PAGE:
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Reuters Adopts CollabNet's Development Platform To Avoid Silos

Reuters has 2,100 of its 3,000 developers using CollabNet and expects to have its full developer staff using it by early next year.
From its launch seven years ago, CollabNet proposed to do something different in managing software development. It was going to shift the coordination of development teams from local meeting rooms and desktop project management systems to the Web.

As a former co-lead developer on the Apache Web server, Brian Behlendorf, CTO and co-founder of CollabNet, knew a Web hub with the right code management tools could work as a team focal point.

Martin Ashton, VP of global IT process at Reuters, the business and international news service, agrees. Reuters uses CollabNet 4.0 and has test-driven the recently released CollabNet 4.5 release. "I don't think the magic is in CollabNet's specific features," Ashton says from his office in Beijing, where Reuters now has 80 developers. "I think it's in its ability to be on every developer's desktop, no matter where they are, with one set of best-practices tools."

That's important to Reuters, which has 3,000 developers worldwide. It used to have teams in 80 different sites. Ashton has whittled that number down to 11. But even 11 teams all producing applications raise potential integration problems. "Our products are not standalone. They all have to talk to each other," says Ashton.

CollabNet Enterprise Edition establishes a project infrastructure that tracks issues in the project, reports on bug findings and fixes, and allows sharing of code across a dispersed group. The latter is enabled by a source code management system, Subversion. CollabNet sponsored the Subversion open source project and links the latest edition with CollabNet Enterprise Edition.

Three years ago, James Powell, then Reuters' CTO, wanted to reorganize the scattered development teams and decided that "a good start would be getting all the source code in one place." With CollabNet and Subversion, he was able to start "moving it out of local development silos" and into the CollabNet repository.

With developers in Beijing, Bangkok, Europe, and the United States, the teams all started using a common defect tracking tool, Project Tracker. "Standardization is a dirty word to a lot of people," says Ashton, describing initial acceptance, "but there's a lot of benefit to having one standard system."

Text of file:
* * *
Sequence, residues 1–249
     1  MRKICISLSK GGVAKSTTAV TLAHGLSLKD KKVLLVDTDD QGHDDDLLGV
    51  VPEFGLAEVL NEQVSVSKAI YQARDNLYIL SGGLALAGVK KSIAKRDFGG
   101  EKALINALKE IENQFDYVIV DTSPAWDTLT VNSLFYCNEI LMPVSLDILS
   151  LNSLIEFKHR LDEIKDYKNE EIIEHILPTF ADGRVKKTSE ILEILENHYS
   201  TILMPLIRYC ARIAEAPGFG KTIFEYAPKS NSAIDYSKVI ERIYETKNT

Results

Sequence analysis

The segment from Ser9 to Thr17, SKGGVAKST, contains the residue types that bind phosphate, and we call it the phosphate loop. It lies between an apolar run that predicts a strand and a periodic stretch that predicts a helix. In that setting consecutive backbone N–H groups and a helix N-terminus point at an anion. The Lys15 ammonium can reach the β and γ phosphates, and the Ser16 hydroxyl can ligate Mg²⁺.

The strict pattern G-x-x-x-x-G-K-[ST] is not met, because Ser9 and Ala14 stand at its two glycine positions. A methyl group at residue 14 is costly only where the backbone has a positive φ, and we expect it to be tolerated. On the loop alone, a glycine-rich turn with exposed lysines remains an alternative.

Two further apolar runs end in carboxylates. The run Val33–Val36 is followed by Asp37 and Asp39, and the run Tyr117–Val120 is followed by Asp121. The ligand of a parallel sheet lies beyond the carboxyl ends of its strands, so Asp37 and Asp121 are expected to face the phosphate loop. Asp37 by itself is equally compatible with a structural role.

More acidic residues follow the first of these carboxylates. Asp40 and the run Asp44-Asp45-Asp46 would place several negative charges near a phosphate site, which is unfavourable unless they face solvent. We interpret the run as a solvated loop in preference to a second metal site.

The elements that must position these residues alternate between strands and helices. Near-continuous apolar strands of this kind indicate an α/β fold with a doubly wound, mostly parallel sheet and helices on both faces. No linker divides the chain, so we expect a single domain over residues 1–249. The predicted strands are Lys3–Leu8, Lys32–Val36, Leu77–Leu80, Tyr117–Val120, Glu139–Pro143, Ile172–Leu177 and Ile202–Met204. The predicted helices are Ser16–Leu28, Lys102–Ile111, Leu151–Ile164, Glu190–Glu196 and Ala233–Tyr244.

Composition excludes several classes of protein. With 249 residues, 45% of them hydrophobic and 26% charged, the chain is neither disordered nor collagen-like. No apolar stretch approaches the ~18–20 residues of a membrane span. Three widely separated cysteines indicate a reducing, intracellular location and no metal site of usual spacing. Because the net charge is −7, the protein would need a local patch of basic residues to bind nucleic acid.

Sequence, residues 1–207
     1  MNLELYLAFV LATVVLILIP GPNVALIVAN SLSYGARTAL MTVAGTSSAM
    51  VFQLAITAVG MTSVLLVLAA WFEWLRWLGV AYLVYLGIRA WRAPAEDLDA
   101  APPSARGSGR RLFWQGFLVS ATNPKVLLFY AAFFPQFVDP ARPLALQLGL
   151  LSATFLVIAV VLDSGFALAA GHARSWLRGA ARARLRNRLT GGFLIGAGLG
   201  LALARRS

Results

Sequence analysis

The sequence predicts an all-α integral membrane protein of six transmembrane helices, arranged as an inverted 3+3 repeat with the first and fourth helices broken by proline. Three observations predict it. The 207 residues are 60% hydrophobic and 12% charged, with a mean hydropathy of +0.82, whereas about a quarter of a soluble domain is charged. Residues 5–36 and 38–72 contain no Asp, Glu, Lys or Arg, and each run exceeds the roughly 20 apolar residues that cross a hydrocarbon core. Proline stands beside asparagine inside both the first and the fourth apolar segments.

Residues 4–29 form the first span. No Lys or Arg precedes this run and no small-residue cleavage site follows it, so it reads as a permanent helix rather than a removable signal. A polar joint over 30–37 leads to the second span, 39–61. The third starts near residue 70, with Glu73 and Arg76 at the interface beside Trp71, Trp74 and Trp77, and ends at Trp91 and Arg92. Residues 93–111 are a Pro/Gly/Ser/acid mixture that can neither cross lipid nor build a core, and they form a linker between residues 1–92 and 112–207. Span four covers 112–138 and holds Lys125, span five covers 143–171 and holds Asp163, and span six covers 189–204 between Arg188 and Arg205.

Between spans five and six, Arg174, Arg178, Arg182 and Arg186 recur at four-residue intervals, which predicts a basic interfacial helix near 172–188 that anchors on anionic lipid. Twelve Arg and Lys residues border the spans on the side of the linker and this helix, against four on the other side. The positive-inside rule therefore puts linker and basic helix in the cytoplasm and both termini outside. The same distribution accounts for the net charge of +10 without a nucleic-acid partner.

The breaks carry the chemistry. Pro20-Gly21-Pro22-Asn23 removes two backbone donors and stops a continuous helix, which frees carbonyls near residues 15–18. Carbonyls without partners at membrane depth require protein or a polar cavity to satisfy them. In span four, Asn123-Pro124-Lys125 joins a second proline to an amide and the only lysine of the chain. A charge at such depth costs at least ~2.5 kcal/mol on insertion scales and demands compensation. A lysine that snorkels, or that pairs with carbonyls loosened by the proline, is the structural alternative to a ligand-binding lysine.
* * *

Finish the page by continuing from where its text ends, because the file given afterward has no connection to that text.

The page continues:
Now Reuters developers can move from project to project, while the project infrastructure stays much the same. Reuters had a 10-person New Orleans office when Katrina struck. The office was wiped out, but the team was up and coding again a week later in Houston, a move that would have been impossible without CollabNet, says Ashton.

Reuters has 2,100 of its 3,000 developers using CollabNet and expects to have its full developer staff using it by early next year. CollabNet Enterprise Edition 4.5 was released Oct. 2. It now includes a wiki-like project workspace where team members can jointly build tabbed project pages, discuss requirements, cite previous work, and comment on requirements. It's offered as a hosted service, priced at $120 per developer per month and less for volume purchasers.

When CollabNet launched in 1999, Behlendorf designed the development hub to mimic his experience on the Apache Web server, which was taking off as a successful open source project. With a hub or Web portal approach, team collaboration is built around e-mail, shared bug tracking, and a centralized code source on an Internet server. The system sidesteps the old, top-down ways of managing projects, such as team leader presentations on whiteboards and a localized project management system in the hands of a manager.

This story was modified on Oct. 26 to indicate that James Powell was Reuters' CTO three years ago.

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